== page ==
Level 1 – from Dubai
I’m based in Dubai and soon joined Lingfield Equine Distance Learning courses. My 15hh Arabian mare is called Sugar, she’s ex endurance and far more ‘horse’ than I have ever been used to. I had huge challenges to start off as she takes off and has the stamina of a true endurance animal. We are now at a stage where even if she does bolt I am back in control quickly. We are learning basic dressage at the stables where I keep her; she’s a quick learner and a pleasure to be around.
I chose to study with Lingfield as I wanted to be able to know I am looking after Sugar’s every need, this is the first horse I’ve owned and I have had about a 20 year break from learning to ‘ride’ (?) as a kid and now really riding rather than just being a passenger. Riding is such a small part of owning a horse and the course has already opened my eyes to so many things I didn’t know (or had been mislead on by other so called experts). Lingfield allows the students to work totally at their own pace which is great for me as the pace of life and work in Dubai is very fast and having the ability to learn at my own time ensures I will get the most out of the course.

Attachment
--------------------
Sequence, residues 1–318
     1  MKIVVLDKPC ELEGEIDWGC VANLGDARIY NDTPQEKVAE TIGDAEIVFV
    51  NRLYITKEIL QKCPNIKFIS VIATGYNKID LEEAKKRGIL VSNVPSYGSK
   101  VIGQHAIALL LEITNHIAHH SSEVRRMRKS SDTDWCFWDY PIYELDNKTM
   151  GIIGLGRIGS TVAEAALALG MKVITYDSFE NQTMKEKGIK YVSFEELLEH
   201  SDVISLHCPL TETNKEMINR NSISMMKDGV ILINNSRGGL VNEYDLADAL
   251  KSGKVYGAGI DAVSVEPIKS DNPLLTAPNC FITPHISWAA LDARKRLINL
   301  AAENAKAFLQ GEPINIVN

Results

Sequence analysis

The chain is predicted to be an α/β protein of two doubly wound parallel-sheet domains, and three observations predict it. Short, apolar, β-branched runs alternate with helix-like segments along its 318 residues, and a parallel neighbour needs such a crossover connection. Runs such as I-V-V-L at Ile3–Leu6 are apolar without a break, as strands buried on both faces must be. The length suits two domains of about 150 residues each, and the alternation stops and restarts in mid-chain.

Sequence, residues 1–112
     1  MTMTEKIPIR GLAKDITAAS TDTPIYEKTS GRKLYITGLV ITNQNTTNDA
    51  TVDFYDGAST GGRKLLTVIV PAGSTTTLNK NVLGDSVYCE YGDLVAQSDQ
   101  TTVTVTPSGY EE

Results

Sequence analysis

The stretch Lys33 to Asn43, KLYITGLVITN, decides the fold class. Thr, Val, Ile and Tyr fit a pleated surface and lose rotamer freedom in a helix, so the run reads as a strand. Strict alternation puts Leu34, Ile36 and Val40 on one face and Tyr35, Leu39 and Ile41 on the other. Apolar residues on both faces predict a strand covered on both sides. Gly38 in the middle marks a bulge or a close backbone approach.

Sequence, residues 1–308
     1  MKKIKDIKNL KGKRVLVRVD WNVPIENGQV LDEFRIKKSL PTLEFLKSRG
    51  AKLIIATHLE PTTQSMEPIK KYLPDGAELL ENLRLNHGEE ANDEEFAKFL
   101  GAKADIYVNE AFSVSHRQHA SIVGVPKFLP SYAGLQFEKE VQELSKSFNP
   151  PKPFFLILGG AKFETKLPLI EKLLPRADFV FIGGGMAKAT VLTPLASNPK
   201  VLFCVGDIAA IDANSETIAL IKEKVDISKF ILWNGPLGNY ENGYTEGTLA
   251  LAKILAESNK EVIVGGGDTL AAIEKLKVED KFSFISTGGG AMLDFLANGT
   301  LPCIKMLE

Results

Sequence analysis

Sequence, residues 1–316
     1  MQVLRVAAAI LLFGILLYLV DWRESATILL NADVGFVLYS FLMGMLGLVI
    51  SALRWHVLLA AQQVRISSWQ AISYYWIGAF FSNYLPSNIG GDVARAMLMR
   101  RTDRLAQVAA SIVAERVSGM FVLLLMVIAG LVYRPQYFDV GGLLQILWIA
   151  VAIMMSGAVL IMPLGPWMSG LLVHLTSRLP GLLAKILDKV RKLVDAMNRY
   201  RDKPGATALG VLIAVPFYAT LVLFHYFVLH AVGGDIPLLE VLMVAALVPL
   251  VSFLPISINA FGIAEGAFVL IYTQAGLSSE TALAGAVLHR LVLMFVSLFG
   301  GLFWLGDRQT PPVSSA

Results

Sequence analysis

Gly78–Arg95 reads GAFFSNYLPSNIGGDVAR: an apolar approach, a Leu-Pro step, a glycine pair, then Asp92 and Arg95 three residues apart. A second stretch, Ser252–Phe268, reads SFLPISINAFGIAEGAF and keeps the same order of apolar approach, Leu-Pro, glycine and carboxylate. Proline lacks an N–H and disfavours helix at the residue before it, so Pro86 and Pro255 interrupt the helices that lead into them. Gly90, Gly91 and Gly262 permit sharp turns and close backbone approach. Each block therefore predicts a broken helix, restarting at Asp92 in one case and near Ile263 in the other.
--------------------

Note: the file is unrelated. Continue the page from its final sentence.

Things are very different in Dubai, but the basics apply wherever, and each day I feel I am getting that bit closer to being a confident horse owner. Our horses are kept on sand in a covered shelter but with no sides, just rails. They are mucked out and treated much the same as a deep litter bed but the sand is dried out rather than replaced. Temperatures here mean that the sand does not remain wet for any length of time.
There is no grazing and all hay is imported. Quality and type varies from normal hay to Timothy alfalfa, or haylage i.e. no consistency. Horses take in sand during turnout and when eating hay. You have keep an eye on droppings so they don’t get ‘clogged up’.
(editors note: In UK, this would be called sand colic) Shoes don’t wear quickly but hooves dry out. We average 2-3 days rain a year. We have a live-in farrier at our yard which is fantastic.
Winter nights can get chilly and my mare had a rug this year for about 30 days. Through the summer months May to September temps of 50 degrees and 100% humidity are fairly normal in July and August. We shower the horses twice daily to keep temperatures down, & have to ensure hooves are not too wet through this. Richer owners have air conditioning but it only helps a bit. During the Summer, many get little or no exercise due to owners avoiding extreme temperatures. I try to do walk and trot to keep her moving.
My stables is a lovely community of expats and locals who love and care for their horses, many are new to horse owning like myself and gosh there is so much to learn! My little mare had a bout of colic last week (the second case in the 8 years she has been at the stables)
I was distraught but after an anti spasm injection she perked up and was fine by that afternoon. It gave me my first real insight of dealing with colic.
Best wishes, Jane